Charlie Bolden: "So you can go back and say: this is what they do. And if you want to see something about it, go to the NASA website, go to www.nasa.gov and you can see what my mom or dad do."

DEPUTY ADMINISTRATOR HONORS AT GRC – GRC

Lori Garver: "My first job out of college was working for none other than John H. Glenn."

Deputy Administrator Lori Garver joined Center Director Ray Lugo in officiating at the Glenn Research Center's annual Honor Awards ceremony. The awards were presented to individuals who’ve made significant contributions to the agency.

(applause)

"I grew up in the cold war."

While at Glenn, Garver also sat down with 25 high school and college interns from three programs that offer support and direction for young men and women to undertake NASA careers after furthering their education in science, technology, engineering and math.

AND NOW CENTERPIECES...

HIGH SCHOOL SCHOLARS VISIT LANGLEY - LaRC

Rising high school seniors from around the commonwealth spent a week of their summer at NASA Langley planning a mission to Mars.

Lesa Roe: "It takes all types of things to make that mission successful

The Virginia Aerospace Science and Technology Scholars, aka VASTS, participated in an online program during the school year, and more than 100 students were given an opportunity to attend a weeklong academy to heighten their interest in science, technology, engineering, and math.

Nats: "the TRL is 9..."

VASTS is the result of a partnership between the Virginia Space Grant Consortium and NASA Langley.

Nats, instructor: "Once it comes time to really start crunching the numbers..."

The students are broken down into four teams that work together to plan the mission to Mars. The teams were Getting There, Living There, Working There, and Mission Integration. During the week students had the opportunity to hear former astronaut Roger Crouch.

Roger Crouch: "I'm a physicist, and when I was working here at Langley I worked on heat shield materials, and then I worked on electronic materials, and then I worked on different kinds of experiments that needed to go into space..."

Between research and team meetings students participated in an activity to simulate communication in space by having a team member act as a rover. The rover must follow instructions from the rest of the team acting as Mission Control from another room. They also worked on their robotic skills having to assemble and program their very own rover.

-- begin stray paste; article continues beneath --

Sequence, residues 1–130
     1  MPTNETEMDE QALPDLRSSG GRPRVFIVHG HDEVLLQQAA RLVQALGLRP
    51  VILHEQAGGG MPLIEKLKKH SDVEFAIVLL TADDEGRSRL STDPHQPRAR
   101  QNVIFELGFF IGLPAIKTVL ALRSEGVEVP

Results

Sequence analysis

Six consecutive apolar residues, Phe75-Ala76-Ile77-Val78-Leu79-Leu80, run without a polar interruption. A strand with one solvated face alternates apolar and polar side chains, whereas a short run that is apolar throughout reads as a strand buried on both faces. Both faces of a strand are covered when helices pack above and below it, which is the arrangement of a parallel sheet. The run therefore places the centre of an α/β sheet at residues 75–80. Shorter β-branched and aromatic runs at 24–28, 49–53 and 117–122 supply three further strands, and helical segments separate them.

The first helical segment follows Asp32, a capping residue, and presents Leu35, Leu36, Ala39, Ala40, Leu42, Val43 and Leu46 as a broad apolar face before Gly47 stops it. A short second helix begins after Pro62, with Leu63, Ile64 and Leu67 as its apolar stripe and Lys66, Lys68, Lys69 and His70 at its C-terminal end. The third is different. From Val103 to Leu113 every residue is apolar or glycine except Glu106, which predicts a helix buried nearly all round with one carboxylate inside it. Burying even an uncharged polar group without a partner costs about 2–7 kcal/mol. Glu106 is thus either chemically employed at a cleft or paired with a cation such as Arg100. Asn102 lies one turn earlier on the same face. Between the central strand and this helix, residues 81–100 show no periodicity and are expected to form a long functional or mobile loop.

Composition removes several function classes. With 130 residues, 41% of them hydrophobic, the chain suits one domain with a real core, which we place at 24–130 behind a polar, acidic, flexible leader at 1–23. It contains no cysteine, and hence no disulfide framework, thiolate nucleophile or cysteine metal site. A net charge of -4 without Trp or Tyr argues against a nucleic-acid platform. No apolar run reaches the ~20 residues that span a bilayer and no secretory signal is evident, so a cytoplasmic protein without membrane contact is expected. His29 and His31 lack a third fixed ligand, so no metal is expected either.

Nats, student: "For our habitat we decided to use a single joint airlock."

At the end of the week the students presented their final mission to a panel of experts.

Nats, student: "The ISRU systems would be initially used to produce enough fuel for the Mars ascent vehicle..."

ISS FORUM – GRC

The International Space Station Program Office at the Johnson Space Center partnered with the Glenn Research Center to highlight the unique research opportunities offered by the world’s laboratory in microgravity. Held in Cleveland at the Great Lakes Science Center, this "Destination Station" forum noted the accomplishments of the ISS National Laboratory, and promoted future opportunities for commercial, academic and government research and technology development.

NASA Anniversary: APOLLO 15 LAUNCH - July 26, 1971

Mission Control: Lift off, we have lift at 9:34 a.m. Eastern Daylight Time.

Forty years ago, astronauts Dave Scott, Jim Irwin, and Al Worden, took off from the Kennedy Space Center headed into lunar orbit. Apollo 15 was NASA’s fourth mission to land humans on the moon, and featured the first deep space EVA, executed by Worden. The voyage also saw the first flight of the Lunar Roving Vehicle which astronauts used to explore the geology of the Hadley Rille/Apennine region of the moon.

"Whoa the big mountain of Hadley is."

"Yeah it’s beautiful."

The LRV allowed Apollo 15, 16 astronauts to survey the lunar surface farther away from the Lunar Module than ever before.

And that’s This Week @NASA.

For more on these and other stories, log onto: www.nasa.gov.